Jim Callis

Moncada gives Red Sox bona fide star in the making

Moncada gives Red Sox bona fide star in the making

Baseball's version of "The Decision" finally has a resolution. After weeks of speculation and private workouts for a dozen teams, Cuban infielder Yoan Moncada agreed to terms with the Red Sox on Monday.

Moncada will receive a bonus of $31.5 million, according to's Jesse Sanchez, the largest given to an amateur. The previous record was the $16.25 million (deferred over 11 years) that the Reds paid Aroldis Chapman in 2010, but that came before MLB instituted international signing restrictions in 2012. Under the current parameters, the bonus record had been the $8.27 million the D-backs gave right-hander Yoan Lopez in January. For context, the largest Draft signing bonus ever given was $8 million, by the Pirates to Gerrit Cole in 2011.

Boston will also pay a matching penalty because it had already exceeded its international bonus pool by more than 15 percent, which means the Moncada deal will cost the Red Sox over $60 million.

As a further penalty, Boston also will be prohibited from signing anyone for more than $300,000 in the 2015-16 and 2016-17 international signing periods. It's unlikely that there will be a player available as talented as Moncada, who would be a strong candidate to go No. 1 overall were he eligible for the 2015 First-Year Player Draft. He immediately ranks among the top dozen prospects in baseball.

The 19-year-old Moncada is the most coveted teenager to come out of Cuba since Jorge Soler in 2011. Unlike Soler, who defected, Moncada was allowed to leave the island by the Cuban government. He dominated international youth and junior tournaments and similar age-based leagues in Cuba, then hit .277/.388/.380 in two seasons in the Serie Nacional (Cuba's primary league) at ages 17 and 18.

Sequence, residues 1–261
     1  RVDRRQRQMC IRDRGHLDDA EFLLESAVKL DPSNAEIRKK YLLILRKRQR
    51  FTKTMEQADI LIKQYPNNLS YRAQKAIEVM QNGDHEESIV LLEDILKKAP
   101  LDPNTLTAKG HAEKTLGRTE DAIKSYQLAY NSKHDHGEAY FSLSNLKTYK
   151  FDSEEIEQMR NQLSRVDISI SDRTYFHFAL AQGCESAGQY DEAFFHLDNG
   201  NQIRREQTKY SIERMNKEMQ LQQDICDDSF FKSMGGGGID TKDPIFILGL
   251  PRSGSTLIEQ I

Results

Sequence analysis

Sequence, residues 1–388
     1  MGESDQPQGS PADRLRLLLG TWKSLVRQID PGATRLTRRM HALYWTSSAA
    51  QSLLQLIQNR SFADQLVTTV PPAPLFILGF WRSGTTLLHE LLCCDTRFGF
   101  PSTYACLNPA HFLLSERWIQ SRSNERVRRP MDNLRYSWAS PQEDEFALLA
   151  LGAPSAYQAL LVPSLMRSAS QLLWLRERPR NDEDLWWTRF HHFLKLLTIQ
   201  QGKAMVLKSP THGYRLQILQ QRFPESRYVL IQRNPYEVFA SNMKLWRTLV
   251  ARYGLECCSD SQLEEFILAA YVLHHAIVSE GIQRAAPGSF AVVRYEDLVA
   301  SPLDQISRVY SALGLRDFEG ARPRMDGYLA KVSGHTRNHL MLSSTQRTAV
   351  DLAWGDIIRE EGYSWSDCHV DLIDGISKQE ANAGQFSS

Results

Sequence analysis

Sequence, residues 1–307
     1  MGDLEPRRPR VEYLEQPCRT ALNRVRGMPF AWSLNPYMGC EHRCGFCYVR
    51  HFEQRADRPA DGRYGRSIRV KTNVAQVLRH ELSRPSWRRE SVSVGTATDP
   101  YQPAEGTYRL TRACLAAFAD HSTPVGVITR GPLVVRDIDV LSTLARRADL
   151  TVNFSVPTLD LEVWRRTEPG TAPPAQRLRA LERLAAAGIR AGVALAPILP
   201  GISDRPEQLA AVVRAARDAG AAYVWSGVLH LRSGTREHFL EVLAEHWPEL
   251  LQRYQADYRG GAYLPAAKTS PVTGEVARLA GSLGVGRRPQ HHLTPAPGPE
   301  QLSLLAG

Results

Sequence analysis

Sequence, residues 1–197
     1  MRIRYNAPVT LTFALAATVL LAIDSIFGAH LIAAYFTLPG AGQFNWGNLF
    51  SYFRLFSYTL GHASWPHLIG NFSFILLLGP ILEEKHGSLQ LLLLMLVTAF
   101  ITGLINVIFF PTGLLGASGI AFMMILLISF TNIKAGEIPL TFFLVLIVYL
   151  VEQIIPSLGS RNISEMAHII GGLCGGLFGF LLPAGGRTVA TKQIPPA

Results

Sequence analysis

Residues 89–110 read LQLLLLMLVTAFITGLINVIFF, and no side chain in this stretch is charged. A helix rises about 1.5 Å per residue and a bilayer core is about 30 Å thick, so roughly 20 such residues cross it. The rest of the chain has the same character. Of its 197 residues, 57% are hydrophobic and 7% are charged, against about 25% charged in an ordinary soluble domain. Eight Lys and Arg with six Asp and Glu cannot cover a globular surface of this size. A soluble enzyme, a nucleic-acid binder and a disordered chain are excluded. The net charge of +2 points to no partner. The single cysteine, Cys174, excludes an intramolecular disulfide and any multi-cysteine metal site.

Four of Moncada's tools grade as 60 or better on the 20-80 scouting scale, an extremely unusual profile for a middle infielder. The only player with more than three plus tools among's Top 100 Prospects is Twins outfielder Byron Buxton, who has five and claims the No. 1 spot on the list.

A 6-foot, 210-pound switch-hitter with electric bat speed, Moncada regularly barrels balls from both sides of the plate. Once he gets established in the big leagues, he could hit .280 with 20-25 homers per season, and some evaluators think that might be a conservative projection.

Moncada's best pure tool is his speed. He can cover 60 yards in 6.6 seconds, and he beat Rusney Castillo -- who signed a $72.5 million big league contract with the Red Sox last August -- among others, in races to first base and around the bases at Cuba's 2012-13 All-Star Game. He has the quickness to steal 25 or more bases on an annual basis.

Primarily a second and third baseman in Cuba, Moncada also has seen action at shortstop and in center field. He has the arm strength to play any position, but he has looked uncomfortable at shortstop and fits best at second base. Moncada's youth means that he'll probably need a couple of seasons in the Minor Leagues, but he has all the tools to become a star once he's ready.

This story was not subject to the approval of Major League Baseball or its clubs.